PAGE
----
Sea History 117 - Winter 2006-2007

Page 15

By Deirdre O'Regan

•••• ----- --·-"Jiij'j.J' ••• • • • .. , ........ .

hips have long been used to smuggle had been members of the military at the and were transported overland to Rockingcontraband to unguarded shores. In time of their arrest were denied. In the US, ham. From there, Catalpa's whaleboat was 1875, an unusual cargo was smug- O'Reilly and other Fenian supporters began waiting to rake them to the ship. News of Out of one country and welcomed the escape reached the authorities, but by a covert campaign to help them escape. By 1875 the Clan na Gael, the Ameri- the time they arrived at the beach to interuother aboard an American whaler, barque Catalpa from New Bedford, can Irish Republican Brotherhood of which cept, the whaleboat was underway and out O'Reilly was a member, raised enough of range. SS Georgette, in port at Fremantle, chuserrs. Registered to whaling agen t John money to buy a cargo ship, Catalpa, and re- was imm ediately commissioned to help re!Richardson, Catalpa sailed from New fitted her as a whaling ship. When Captain capture the fugitives . rd in April of 1875, bound for the Anthony put in at the Azores to offload her As the crew and the six escapees tic whaling gro unds. As the ~------------------~ were rowing fo r Catalpa in the late cleared the harbor, only Captain rge Anthony, Richardson's son-inknew that the ship was embarkon a secret and dangero us mission - t o sail to Wes tern Australia effect the escape of eight Fenian 'tical prisoners, locked away in the ous Fremantle Prison.

hours of the day, a squall bore down on the open boa r and they lost sight of her. They did not reach the relative safety of the mo ther ship until the following day. O ver the next rwo days, SS Georgette, the whaleboat, and Catalpa played a dangero us game of cat and mouse. As Captain Anthony made for the open sea, eventually the steamer overtook them and fired shots across und society that was growing his bow, ordering him to heave to. • g the 1860s, both in Ireland in the US. Its activities included Captain Anthony claimed they had reached international waters and · ed rebellion against British rule land and a number of small, inpointed to the American ensign flying After her part in the daring rescue of the Fenians, overhead. Unsure about their position Catalpa returned to New Bedford and resumed whaling. and unwilling to create an internaerican branch of the organization. British authorities arrested dozens of legitimate cargo of whale oil, he rook on tio nal "incident," rhe police superintendent ners of the movement berween 1865 provisions and recruited a new crew after reluctantly let them pass. 1867 and shipped sixty-rwo of them to most of his whaling crew deserted. Word of the successful escape reached The ship made port in Bunbury, West- O 'Reilly and the rest of the world in June. penal colony in Western Australia. Among the detainees was John Boyle ern Australia, on 27 March 1876. Captain By the rime Catalpa arrived in New York · y, who eventually escaped and made Anthony immediately sailed to Fremantle rwo months later, her captain, crew, and way to Boston aboard an American aboard the coastal steamer Georgette, along the six Irishmen were received with great ship. O 'Reilly stayed in Boston with the Fenian age nt John Breslin. Breslin fanfare . The ship returned to New Bedford became a newspaper editor and a re- and his contacts got word to the eight Fe- and continued her career as a whaler uncitizen. In 1869 and again in 187 1, nian prisoners who were scheduled to join til 1884, when John Richardson sold her. Captain George Anthony could no longer British government granted conditional work parties outside the prison. Six of the eight Fenian prisoners suc- sail in in ternational waters without risk of ns to most of the Fenians still imprisin Western Australia, bur those who cessfully escaped from their work parties being caught by the Royal Navy. 1.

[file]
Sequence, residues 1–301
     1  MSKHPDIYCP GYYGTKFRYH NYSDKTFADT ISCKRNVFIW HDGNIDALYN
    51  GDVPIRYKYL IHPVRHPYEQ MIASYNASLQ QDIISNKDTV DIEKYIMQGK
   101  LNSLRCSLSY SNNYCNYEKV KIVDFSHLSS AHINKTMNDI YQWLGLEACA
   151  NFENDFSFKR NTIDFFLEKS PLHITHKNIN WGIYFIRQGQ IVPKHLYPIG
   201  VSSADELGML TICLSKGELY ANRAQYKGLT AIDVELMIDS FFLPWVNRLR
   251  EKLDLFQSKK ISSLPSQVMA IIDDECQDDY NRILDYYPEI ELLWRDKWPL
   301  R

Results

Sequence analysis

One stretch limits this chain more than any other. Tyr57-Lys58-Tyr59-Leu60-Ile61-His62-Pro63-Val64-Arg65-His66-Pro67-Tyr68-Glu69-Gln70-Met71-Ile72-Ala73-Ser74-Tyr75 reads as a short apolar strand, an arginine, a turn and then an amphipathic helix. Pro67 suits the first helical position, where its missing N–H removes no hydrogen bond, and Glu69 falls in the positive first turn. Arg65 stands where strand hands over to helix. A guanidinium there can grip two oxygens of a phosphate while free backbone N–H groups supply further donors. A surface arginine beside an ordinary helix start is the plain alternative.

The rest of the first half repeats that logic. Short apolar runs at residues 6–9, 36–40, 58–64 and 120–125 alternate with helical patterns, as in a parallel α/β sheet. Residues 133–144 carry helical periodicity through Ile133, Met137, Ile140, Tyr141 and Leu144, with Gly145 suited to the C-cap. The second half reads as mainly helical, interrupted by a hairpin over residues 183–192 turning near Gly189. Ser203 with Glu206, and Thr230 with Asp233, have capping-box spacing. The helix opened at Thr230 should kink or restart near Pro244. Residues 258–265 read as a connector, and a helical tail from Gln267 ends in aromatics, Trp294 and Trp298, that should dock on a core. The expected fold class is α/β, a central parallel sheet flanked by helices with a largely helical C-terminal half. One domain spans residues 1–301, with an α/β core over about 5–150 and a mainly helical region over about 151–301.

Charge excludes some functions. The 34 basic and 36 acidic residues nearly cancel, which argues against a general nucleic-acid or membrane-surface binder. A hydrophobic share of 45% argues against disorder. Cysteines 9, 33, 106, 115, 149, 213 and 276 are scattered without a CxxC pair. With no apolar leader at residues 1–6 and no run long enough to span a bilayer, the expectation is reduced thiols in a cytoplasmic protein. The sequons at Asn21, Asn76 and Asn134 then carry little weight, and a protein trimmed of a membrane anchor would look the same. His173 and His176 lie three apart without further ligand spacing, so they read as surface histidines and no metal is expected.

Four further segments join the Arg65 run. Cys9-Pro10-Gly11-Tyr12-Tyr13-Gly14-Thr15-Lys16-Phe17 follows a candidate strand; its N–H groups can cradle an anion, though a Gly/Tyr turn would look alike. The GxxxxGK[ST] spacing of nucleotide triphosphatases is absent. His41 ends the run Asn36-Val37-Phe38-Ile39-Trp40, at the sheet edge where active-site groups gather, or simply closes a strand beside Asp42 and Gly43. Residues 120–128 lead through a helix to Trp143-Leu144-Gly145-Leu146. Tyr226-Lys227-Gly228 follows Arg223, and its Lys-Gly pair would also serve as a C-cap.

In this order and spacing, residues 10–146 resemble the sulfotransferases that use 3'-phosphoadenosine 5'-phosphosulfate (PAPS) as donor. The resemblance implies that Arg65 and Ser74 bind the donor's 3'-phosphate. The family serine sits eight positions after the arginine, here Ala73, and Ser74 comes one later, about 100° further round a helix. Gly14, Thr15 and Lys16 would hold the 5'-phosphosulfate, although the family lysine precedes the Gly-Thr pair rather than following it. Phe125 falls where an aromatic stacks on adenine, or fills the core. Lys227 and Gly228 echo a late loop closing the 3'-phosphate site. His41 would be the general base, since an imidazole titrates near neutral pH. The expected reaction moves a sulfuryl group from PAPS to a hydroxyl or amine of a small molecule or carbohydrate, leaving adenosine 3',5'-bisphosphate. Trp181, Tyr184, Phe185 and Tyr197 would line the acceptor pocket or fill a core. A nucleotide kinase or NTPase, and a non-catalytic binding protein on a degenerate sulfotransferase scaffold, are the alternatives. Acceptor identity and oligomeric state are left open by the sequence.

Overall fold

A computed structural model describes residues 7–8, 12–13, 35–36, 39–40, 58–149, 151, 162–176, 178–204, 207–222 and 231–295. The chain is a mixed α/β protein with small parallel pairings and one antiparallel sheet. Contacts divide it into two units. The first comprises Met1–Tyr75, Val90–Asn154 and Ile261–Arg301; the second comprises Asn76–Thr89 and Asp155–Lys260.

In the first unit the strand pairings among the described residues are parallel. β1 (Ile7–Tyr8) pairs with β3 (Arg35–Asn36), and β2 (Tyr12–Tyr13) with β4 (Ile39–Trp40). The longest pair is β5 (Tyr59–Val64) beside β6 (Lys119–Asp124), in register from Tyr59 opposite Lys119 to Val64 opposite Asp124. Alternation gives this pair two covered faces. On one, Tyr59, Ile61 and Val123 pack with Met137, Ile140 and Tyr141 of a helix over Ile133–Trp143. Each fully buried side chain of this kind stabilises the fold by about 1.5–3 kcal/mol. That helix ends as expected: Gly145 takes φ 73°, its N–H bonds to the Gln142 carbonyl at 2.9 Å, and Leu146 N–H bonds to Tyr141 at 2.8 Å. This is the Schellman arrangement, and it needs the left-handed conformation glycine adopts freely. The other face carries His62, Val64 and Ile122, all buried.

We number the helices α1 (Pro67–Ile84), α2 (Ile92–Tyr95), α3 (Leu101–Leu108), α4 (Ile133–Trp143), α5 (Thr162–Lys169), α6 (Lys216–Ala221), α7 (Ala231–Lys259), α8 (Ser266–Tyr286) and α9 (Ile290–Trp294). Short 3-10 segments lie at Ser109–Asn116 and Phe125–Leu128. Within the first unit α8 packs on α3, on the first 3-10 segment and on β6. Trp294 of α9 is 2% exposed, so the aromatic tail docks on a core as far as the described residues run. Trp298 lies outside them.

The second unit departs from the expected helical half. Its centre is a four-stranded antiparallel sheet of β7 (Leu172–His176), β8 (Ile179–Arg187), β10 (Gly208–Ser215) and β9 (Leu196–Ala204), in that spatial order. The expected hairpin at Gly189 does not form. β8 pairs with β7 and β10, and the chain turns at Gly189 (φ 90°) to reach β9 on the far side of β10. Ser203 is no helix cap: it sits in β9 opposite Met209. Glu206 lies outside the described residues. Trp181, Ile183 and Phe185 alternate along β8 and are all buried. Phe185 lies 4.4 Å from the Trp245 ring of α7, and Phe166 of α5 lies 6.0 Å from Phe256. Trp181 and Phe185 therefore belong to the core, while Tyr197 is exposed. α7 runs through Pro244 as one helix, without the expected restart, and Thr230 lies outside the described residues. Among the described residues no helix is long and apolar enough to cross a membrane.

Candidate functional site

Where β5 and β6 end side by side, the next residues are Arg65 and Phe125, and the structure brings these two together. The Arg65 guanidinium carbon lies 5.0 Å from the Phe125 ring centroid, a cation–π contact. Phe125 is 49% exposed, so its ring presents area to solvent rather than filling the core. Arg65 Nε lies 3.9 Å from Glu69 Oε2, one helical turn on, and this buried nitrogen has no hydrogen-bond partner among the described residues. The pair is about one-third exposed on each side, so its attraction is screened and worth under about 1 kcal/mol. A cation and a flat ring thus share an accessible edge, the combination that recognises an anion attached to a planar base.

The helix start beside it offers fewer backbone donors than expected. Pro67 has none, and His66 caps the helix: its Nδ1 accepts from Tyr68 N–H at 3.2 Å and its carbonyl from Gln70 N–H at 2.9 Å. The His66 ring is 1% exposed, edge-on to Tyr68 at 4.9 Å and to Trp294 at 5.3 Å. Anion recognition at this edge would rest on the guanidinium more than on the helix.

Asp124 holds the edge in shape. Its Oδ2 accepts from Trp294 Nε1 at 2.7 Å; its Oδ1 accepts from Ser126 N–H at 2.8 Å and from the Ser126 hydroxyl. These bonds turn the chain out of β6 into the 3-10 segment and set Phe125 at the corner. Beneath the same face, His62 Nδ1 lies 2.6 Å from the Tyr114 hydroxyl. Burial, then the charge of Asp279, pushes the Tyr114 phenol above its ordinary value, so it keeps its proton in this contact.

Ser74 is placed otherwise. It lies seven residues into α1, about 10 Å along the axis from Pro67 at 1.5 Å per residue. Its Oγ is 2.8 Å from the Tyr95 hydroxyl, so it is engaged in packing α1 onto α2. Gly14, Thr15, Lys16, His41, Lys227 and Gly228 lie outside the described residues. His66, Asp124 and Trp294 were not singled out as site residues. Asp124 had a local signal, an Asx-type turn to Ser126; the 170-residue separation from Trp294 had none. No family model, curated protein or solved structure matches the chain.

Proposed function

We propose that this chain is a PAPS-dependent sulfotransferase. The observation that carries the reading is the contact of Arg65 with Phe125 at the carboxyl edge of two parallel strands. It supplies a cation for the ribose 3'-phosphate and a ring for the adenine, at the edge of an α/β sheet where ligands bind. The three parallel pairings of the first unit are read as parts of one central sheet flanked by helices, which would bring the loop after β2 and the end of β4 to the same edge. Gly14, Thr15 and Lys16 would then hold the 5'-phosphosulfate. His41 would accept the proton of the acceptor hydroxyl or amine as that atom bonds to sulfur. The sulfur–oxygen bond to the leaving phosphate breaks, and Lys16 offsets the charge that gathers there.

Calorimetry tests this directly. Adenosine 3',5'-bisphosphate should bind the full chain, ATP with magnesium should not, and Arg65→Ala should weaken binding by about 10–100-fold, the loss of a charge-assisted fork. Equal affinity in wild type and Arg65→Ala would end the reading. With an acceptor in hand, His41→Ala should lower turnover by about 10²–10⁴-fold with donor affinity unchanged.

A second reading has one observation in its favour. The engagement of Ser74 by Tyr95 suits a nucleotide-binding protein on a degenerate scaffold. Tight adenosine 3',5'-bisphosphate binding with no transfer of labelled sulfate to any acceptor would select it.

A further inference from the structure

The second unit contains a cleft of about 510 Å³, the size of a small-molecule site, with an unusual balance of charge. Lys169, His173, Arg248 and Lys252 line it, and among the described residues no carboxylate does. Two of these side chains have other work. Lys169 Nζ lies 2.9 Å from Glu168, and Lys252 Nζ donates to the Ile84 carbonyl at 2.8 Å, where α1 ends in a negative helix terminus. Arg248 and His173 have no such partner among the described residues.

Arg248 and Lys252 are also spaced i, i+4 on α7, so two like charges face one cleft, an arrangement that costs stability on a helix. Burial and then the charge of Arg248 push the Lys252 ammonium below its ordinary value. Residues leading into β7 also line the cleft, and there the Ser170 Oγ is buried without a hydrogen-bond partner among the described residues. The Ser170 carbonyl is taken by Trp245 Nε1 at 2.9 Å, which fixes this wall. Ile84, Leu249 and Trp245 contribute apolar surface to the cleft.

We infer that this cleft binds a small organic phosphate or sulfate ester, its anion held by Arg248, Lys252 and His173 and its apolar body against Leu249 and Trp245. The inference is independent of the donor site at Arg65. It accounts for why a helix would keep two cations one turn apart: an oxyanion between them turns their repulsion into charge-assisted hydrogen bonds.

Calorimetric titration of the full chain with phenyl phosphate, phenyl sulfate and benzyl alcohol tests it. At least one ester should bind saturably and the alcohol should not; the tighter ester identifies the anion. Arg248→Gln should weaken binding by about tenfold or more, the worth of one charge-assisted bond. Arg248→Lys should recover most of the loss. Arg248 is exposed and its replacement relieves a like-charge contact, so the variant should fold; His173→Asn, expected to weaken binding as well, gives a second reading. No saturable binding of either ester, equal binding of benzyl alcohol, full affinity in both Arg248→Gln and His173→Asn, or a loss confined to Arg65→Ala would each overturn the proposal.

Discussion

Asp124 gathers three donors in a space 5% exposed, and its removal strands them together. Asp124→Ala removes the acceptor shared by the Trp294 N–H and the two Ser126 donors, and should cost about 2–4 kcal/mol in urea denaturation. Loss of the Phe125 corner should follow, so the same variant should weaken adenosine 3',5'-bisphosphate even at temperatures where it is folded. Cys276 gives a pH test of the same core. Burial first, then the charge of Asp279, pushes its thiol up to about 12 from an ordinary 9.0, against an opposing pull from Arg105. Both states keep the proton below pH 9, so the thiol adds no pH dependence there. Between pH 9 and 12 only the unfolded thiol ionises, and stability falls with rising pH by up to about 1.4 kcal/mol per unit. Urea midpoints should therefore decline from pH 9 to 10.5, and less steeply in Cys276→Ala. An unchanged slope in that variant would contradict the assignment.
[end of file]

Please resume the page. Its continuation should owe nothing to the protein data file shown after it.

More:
Boyle O 'Reilly helped organize the rescue ofeight Fenians incarcerated at the Fremantle Prison in Australia. Six successfolly escaped and to New Yo rk in 1876 onboard the New Bedford whaler, Catalpa. Pictured above (l to r): O'Reilly and fugitives Thomas Darragh, 'Itel Harrington, and Robert Cranston; the other three were (not pictured) Martin Hogan, Thomas Hassett, and James Wilson.

HISTORY 11 7, WINTER 2006-07


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